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The hygienic utopia in Jules Verne, Camille Flammarion, and William Morris
Manon Mathias

Otis has shown that the germ theory of disease was crucially intertwined in the late nineteenth century with concepts of invasion and colonialism, especially in France and Britain: ‘if one believes that invisible germs, spread by human contact, can make one sick, one becomes more and more anxious about penetration and about any connection with other people – the same anxieties inspired by imperialism’. 96 These comments are particularly pertinent to the context of Bégum and Uranie , written after France's bitter

in Progress and pathology
Guerrilla nursing with the Friends Ambulance Unit, 1946–48
Susan Armstrong-Reid

ashes of global war and colonialism during the Cold War era. In so doing, it refocuses scholarly inquiry in new and important directions. Reframing transnational studies of global nursing  – to foreground the complexities of moving ideas, resources and personnel across borders as part of a multidirectional process in which neutrality, impartiality and autonomy had to be continuously negotiated – better contextualises FAU nurses’ humanitarian endeavours, and offers timely and important perspectives for contemporary humanitarian nursing. The ability of China Convoy

in Colonial caring
The case of the Netherlands
Stuart Blume

, 1993); A. Bashford, ‘Foreign Bodies. Vaccination, Contagion and Colonialism in the 19th Century’, in A. Bashford and C. Hooker (eds), Contagion. Historical and Cultural Studies (New York and London: Routledge, 2001), pp. 39–60. 4 See for example M. Cueto (ed.), Missionaries of Science. The Rockefeller

in The politics of vaccination
Liesbeth Hesselink

professional nurses was only heightened by changes in the colonial policy. Colonial policy Although the Dutch had been present in the Indonesian archipelago since the early seventeenth century, fully fledged colonialism only developed in the nineteenth and early twentieth centuries. Technical and economic changes as well as a new psychological mix of both Western superiority and social concerns resulted in a renewed sense of a ‘civilising mission’ and a more active colonial policy. Termed the Ethical Policy, it was the Dutch version of the British ‘white man’s burden’ or

in Colonial caring
Disease, conflict and nursing in the British Empire, 1880–1914
Angharad Fletcher

, ‘Second opinion:  making global health histories:  the postcolonial worldliness of biomedicine’, Social History of Medicine, 27 (2014), 372–84.  6 See S.  Hodges, ‘The global menace’, Social History of Medicine, 25 (2012), 719–28.  7 The passenger manifest of the Canton has her returning for her second stint in Hong Kong on 4 March 1898. Ancestry.com, ‘UK, Outward Passenger Lists, 1890–1960’.  8 Nursing Record and Hospital World, 2 July 1898, p. 6, and British Journal of Nursing, 7 February 1903, p. 103.  9 C. Anderson, Subaltern Lives: Biographies of Colonialism in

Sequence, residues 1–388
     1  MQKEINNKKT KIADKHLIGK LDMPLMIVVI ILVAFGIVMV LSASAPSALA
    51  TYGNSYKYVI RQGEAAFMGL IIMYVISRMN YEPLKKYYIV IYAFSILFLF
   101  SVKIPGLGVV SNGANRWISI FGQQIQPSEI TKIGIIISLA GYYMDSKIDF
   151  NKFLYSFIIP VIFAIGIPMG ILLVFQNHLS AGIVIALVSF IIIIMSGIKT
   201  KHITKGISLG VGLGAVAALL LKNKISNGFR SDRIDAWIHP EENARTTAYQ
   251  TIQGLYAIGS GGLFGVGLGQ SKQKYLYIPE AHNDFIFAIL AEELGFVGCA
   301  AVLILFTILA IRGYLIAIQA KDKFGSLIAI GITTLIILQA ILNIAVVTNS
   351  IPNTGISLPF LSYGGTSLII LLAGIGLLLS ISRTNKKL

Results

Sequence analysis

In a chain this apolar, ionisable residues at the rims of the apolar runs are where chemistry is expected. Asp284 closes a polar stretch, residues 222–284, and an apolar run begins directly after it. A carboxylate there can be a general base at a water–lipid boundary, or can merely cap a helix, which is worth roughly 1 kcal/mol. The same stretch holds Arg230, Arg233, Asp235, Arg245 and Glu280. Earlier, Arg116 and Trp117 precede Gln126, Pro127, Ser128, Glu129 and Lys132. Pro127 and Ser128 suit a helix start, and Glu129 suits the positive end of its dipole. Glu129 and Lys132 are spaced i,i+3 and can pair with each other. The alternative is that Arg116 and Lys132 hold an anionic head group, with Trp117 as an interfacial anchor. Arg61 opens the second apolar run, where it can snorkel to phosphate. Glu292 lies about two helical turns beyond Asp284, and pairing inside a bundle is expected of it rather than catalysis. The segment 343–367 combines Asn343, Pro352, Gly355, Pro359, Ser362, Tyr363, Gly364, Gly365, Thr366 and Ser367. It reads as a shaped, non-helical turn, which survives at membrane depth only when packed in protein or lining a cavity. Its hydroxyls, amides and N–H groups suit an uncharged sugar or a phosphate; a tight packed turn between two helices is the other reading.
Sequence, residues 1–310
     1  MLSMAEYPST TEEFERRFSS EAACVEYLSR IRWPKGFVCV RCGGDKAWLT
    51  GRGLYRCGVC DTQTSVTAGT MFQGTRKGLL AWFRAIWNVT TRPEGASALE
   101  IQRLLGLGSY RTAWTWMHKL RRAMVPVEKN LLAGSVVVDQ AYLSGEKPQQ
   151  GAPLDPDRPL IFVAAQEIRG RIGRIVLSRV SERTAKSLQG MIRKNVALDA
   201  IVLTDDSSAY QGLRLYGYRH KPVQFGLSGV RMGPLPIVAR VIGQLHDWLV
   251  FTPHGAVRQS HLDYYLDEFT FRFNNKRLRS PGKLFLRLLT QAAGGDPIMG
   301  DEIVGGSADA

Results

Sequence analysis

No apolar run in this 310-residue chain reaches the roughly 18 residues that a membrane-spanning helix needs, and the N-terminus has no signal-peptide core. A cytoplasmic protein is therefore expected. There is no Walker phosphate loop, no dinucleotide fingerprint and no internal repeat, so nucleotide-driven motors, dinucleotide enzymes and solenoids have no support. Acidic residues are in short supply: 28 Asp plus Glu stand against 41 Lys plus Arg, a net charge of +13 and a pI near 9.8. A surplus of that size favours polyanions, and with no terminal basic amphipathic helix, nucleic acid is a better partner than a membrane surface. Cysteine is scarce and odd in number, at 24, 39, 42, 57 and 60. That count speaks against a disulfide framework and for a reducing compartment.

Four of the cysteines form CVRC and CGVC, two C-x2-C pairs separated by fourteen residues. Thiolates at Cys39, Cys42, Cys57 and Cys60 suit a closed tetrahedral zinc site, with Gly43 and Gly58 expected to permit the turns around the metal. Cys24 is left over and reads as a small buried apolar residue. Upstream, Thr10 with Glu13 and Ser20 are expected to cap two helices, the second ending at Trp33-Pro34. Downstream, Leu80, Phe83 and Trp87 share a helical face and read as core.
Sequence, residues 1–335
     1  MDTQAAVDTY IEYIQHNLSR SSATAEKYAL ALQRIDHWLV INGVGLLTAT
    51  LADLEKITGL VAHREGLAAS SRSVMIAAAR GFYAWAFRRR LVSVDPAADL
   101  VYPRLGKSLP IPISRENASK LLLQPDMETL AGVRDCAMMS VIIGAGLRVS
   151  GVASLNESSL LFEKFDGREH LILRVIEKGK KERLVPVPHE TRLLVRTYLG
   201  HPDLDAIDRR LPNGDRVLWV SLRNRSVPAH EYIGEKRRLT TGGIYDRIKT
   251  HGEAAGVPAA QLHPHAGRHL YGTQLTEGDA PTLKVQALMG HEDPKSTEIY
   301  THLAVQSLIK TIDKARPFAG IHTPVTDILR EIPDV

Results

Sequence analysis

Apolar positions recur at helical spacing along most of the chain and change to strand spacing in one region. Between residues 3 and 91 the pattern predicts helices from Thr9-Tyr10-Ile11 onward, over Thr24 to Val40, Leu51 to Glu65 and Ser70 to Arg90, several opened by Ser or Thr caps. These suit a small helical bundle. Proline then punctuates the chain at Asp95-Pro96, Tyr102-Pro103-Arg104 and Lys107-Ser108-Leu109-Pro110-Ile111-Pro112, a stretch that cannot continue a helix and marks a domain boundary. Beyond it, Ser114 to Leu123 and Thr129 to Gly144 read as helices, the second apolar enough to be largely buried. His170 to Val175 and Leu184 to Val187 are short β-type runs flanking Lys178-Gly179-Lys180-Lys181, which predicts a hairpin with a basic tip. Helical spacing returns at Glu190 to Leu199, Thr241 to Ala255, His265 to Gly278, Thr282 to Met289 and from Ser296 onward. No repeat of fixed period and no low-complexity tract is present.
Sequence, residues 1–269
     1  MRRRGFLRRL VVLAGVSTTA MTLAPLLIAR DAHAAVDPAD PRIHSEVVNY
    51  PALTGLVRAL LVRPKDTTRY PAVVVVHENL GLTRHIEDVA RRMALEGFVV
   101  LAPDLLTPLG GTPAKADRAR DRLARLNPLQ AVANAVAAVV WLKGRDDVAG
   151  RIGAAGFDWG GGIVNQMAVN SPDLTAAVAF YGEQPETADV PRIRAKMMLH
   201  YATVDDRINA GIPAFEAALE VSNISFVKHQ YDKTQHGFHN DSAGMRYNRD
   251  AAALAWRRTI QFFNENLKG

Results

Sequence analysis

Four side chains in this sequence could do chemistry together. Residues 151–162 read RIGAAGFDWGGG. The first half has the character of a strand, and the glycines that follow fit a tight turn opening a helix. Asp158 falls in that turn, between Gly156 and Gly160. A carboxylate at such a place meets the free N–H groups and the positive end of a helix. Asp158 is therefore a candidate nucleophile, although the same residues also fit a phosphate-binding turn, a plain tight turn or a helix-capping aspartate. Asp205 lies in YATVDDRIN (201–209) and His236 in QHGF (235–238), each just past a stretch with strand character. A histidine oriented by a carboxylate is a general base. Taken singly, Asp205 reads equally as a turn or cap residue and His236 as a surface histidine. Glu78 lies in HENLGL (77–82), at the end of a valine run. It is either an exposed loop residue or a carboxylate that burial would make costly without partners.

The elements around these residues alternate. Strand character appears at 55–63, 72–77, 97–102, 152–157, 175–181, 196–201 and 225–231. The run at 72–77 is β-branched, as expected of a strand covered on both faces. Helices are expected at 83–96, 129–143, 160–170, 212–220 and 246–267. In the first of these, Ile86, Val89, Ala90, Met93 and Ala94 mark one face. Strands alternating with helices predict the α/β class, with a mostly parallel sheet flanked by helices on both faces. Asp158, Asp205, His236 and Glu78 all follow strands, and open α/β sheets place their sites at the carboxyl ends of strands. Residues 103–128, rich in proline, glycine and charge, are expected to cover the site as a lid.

in Colonial caring
Colonialism and Native Health nursing in New Zealand, 1900–40
Linda Bryder

4 ‘They do what you wish; they like you; you the good nurse!’:1 colonialism and Native Health nursing in New Zealand, 1900–40 Linda Bryder Introduction In 1911 New Zealand’s Department of Public Health launched its Native Health nursing scheme, to serve the health needs of the local indigenous population, the Māori.2 At that time the Māori population numbered about 52,000; most lived in extremely isolated small communities and had much poorer health standards than non-Māori. The circular announcing the scheme explained that the appointees would be trained

in Colonial caring
American colonial and missionary nurses in Puerto Rico, 1900–30
Winifred C. Connerton

Winifred C. Connerton  5 R. L.  Beisner, Twelve against Empire:  The Anti-Imperialists, 1898–1900 (New  York:  McGraw-Hill, 1968); E.  B. Tompkins, Anti-Imperialism in the United States:  The Great Debate, 1890–1920 (Philadelphia:  University of Pennsylvania Press, 1970).  6 J. Go, American Empire and the Politics of Meaning: Elite Political Cultures in the Philippines and Puerto Rico during U.S. Colonialism (Durham, NC: Duke University Press, 2008), p. 27.  7 G. W. Davis, Annual Report to the Secretary of War on Civil Affairs of Porto Rico (Washington, DC:  Government

in Colonial caring
The short history of Indian doctors in the Colonial Medical Service, British East Africa
Anna Greenwood and Harshad Topiwala

Concurrently, Indian doctors were also employed in other capacities supportive to British colonialism: they were imported to serve the health of the Indian regiments billeted in East Africa, and also to provide basic medical services to the thousands of indentured Indian labourers working on the Uganda Railway. 19 Western medical education in India One of the reasons why Indian

in Beyond the state
Louis James

was Franz Fanon’s The Wretched of the Earth which, backed by Fanon’s experience of the bloody Algerian war of liberation, asserted that only violence could shake off the psychic legacy of colonialism. At black activist centres like the West Indian Students Union, I was treated with an extraordinary courtesy that my black counterpart would certainly not have met with on the other side of the racial

in West Indian intellectuals in Britain
Yolande Jansen, Jasmijn Leeuwenkamp, and Leire Urricelqui

, violent, inhuman dimensions by externalizing them either outside of Europe (colonial violence) or by transformations into fascism, totalitarianism or racism against the ‘Other’ of the Enlightenment. Thus, these post-isms imply a distance taken from modernity itself and the ideologies and practices that had shaped it, such as colonialism, humanism, liberalism, historicism, Enlightenment, capitalism, communism, and the ‘grand narratives’ of ‘Man’ and history. During the 1980s, at the time of the ‘end of isms

in Post-everything